In 1864 Edmund Denison retired as Chair and was suceeded by Henry Oakley.
At the northern end of their network the Great Northern worked with the Manchester, Sheffield and Lincolnshire Railway in 1865 to promote a route between Manchester and Liverpool. In conjunction with the Cheshire Lines Committee and the Midland Railway, they further expanded into Lancashire and Cheshire extending ther network into new territory. Access to West Yorkshire was further improved when the GNR entered into the joint purchase of the West Riding and Grimsby line between Doncaster and Wakefield with the Manchester, Sheffield and Lincolnshire Railway in 1866.
In 1869 the efforts of the Great Northern to expand in the east were being twarted by an agreement with the Great Eastern to run joint lines from Huntingdon through March to Lincolnshire across existing and newly constructed lines.
After its period of expansion in the 1860s the Great Northern was running a more intensive service of express trains than either the London and North Western or the Midland Railways. Hauled by Patrick Stirling's single driving-wheel locomotives, they were some of the fastest in the world and enabled the GNR to reach it most profitable state in 1873.
By 1875 though the increase in revenue was out paced by the need for investment in block signalling systems and interlocking, and improvements to stations and goods sidings. Through further expansion of the Cheshire Lines Committee network and the construction of lines in Nottignhamshire and Leicestershire under jooint control with the London and North Western Railway the GNR risked over extending itself.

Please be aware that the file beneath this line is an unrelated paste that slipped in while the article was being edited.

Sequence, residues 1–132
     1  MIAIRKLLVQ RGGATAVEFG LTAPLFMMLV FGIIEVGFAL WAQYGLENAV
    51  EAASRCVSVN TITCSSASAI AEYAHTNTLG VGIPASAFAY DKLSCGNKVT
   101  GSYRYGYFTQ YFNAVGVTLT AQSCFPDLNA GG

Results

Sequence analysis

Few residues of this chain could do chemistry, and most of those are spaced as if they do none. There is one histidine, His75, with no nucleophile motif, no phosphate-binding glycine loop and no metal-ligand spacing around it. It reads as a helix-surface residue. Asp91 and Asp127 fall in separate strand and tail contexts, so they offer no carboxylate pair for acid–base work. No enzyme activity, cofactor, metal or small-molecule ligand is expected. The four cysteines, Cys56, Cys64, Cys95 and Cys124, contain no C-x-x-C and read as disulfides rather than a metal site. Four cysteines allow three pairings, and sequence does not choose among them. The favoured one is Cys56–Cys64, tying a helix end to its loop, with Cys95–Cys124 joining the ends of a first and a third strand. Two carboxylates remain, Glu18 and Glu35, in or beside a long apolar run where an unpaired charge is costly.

Dining cars were introduced on express services in 1879 and continuous vacuum braking by 1881. At the same time the services were expanded and improved generally.
Expansion east moved forwards again in 1889 when, in partnership with the Midland Railway, the Great Northern acquired the lines of the Eastern and Midlands Railway which became the Midland and Great Northern Joint Railway. This provided access as far as the Norfolk coast.
During the mid-1890s, the main line was relaid with heavier rails to accommodate larger and faster trains and more powerful locomotives designed by H.A. Ivatt. These worked sets of clerestoried carriages built for East Coast expresses and West Riding dining car trains. Elliptical roofed stock was designed by H.N. Gresley for the Great Northern Railway and East Coast joint Stock from 1905, of which some were articulated.
The Great Northern continued to grow generating its main revenue from from freight, mainly coal, for which major marshalling yards were built at Doncaster, Colwick (Nottingham), New England (Peterborough) and Ferme Park (London). For merchandise traffic, the GNR was a pioneer of the fully braked goods train. On the passenger front the GNR developed long-distance excursion traffic to Skegness, the Norfolk coast and the St. Ledger race meetings at Doncaster.
In the 1923 grouping the Great Northern Railway became part of the London and North Eastern Railway.